This collective work falls in line with poetic performance art pieces more than it does a poetry chapbook as James Franco explores many aspects of persona. The poetics by itself is passable but never sublime. However, the teasing and toying of personal versus public persona and the concept of a person as a series of situational masks work together to elevate this collection into something greater than the sum of its parts.
James Franco is famous. He knows it, as does his reader. So rather than shirk the mantle, he embraces it through caricatures of himself, not unlike his self-portrayal in This is the End. His open awareness of putting a collection out there as a celebrity is enough to assign the entire speaker voice to character-public persona. Meanwhile, one must assume that the closest he gets to being away from the celebrity persona is with his own family which makes many appearances throughout the collection.
The second poem in the collection, “Mask,” shows his stance when he describes himself as “White, young, lusty, Sym- / Metrical, dark browed; / This mask is the face / Of Gucci, officially.” This is not the voice of someone convinced of his own importance. And yet it is a role he gladly fills “back to wherever the cameras need me,” he notes in “Custom Hotel.” Aside from the masks of actor, poet and celebrity, James hints at his masks as brother and son. Also present are masks that he ascribes to devils and serial killers. There is a darkness waiting to be understood. In “Black Death”, James considers the persona of LA serial killer Richard Ramirez, preying on James’ chosen town. He also draws connections to his process of exploring masks, with the process employed by poet mentor, Frank Bidart, and other artists he admires, Lana Del Rey and James Dean.
While many poems cite specific moments or jobs in Franco’s life, a cluster of 3 in the middle speak of and to his brothers. Throughout them, one gets the sense that James both sees himself more clearly and loses himself in them. From “Brother One:”
Sometimes two brothers split.
Their looks are so similar
They could be twins,
But inside, one takes the dark
Road, and one takes the light.
Tom followed my father
Yet more confusion and potentially jealousy surface in “Brother Two” about James’ youngest brother, Dave, who followed him into Hollywood. “There are probably myriad little things we both do, handed down through DNA, and from proximity to the love of the same parents. / I try not to look for these things, because I’ll think that they’re mine, and that he has stolen them.”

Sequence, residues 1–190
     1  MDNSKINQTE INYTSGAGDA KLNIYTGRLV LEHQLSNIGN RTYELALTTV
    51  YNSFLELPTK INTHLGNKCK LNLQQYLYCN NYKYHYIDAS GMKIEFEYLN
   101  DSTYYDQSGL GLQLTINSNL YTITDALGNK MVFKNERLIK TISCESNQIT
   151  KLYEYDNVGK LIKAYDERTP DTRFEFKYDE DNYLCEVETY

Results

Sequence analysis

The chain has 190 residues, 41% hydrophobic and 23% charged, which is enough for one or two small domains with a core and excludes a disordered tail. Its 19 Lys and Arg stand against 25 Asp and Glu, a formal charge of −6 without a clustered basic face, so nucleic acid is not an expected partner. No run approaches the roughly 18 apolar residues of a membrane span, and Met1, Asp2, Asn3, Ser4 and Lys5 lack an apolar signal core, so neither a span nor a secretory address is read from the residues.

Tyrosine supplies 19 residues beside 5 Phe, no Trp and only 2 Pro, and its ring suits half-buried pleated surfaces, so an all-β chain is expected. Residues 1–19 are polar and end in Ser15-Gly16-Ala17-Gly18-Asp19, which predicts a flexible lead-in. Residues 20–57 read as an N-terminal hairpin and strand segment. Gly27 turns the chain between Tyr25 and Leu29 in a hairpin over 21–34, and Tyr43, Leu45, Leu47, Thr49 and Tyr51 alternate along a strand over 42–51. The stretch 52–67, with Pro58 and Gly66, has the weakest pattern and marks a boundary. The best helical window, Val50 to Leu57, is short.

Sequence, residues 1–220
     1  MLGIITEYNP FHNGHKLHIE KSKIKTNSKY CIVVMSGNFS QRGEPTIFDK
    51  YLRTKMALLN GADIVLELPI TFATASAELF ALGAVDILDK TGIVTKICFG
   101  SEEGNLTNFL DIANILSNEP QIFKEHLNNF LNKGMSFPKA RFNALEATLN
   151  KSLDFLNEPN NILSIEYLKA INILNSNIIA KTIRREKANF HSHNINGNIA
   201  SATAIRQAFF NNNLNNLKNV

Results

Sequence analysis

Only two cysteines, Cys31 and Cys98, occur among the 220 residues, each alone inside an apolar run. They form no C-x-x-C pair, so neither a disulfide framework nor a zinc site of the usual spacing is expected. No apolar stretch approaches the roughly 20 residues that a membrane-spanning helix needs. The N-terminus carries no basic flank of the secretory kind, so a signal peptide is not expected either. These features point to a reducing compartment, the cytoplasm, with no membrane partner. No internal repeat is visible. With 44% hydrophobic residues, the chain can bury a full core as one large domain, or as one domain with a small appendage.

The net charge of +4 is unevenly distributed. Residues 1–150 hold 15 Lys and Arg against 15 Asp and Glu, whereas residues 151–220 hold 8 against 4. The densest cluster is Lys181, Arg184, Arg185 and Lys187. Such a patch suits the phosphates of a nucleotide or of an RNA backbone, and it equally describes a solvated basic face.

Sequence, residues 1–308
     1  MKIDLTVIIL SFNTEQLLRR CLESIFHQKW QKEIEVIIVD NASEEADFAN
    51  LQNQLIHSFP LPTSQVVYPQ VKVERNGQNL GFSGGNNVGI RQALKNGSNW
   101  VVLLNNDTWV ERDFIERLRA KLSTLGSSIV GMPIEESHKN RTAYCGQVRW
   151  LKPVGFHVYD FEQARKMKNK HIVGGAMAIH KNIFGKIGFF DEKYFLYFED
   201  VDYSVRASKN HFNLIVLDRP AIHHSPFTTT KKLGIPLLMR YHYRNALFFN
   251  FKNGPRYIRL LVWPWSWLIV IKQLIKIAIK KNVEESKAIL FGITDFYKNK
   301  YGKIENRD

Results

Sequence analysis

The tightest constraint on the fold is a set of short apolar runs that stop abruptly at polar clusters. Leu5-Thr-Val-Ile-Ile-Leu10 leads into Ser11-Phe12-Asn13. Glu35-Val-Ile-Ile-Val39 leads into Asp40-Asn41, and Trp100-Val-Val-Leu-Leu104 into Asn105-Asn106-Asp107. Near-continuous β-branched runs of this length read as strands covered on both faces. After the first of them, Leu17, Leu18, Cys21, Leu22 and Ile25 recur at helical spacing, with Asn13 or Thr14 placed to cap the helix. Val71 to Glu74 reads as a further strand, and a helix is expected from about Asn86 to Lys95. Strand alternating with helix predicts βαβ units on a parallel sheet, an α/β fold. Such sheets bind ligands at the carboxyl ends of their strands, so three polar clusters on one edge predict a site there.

Inescapable is the blatantly queer title to the collection shared with a fictional interview at the end of the collection in which two personae discuss James’ sexuality. Sexuality is yet another mask for James, but gender is not. An earlier poem, “Hello Woman,” laments:
If I ever got high, it would be to be
The woman. If I ever did porn,
I’d want to be the woman.
I don’t want to be the man in woman
I just want to be woman.
But I will never be woman.
I am man, trapped in man.
I have no escape from this body.
In the interview “Straight James / Gay James” which originally appeared in a magazine, the two characters discuss what it means to knowingly have fame and a public persona. Ironically, Straight James plays more coy, while Gay James plays it more, er, straight:
GJ: But my question is, who is the real James, and who is the mask?
SJ: . . . I like my queer persona. I like that it’s so hard to define me and that people always have to guess about me. . . Not that I do what I do to confuse people, but as long as they are confused, I get to play.
SJ: . . . It’s not like I call the paparazzi on myself or anything like that; I’m just having a conversation with the public. If you don’t want to be part of the convo, check out.
GJ: Is this interview a nonfictional statement about who you are?
SJ: Yes and no. Yes, in the sense that I am as James Franco, but no in the sense that it is a public statement in an entertainment magazine, which means that it is part of my public persona and not my private veridical self.
This collection is no place to look for real personal insight about Franco, but it does master the craft of persona in many little ways. It’s also honest in its dishonesty. And not without humor:
GJ: Okay, let’s kiss in the mirror again.
SJ: You got it, baby.
I received my copy of this collection through NetGalley.
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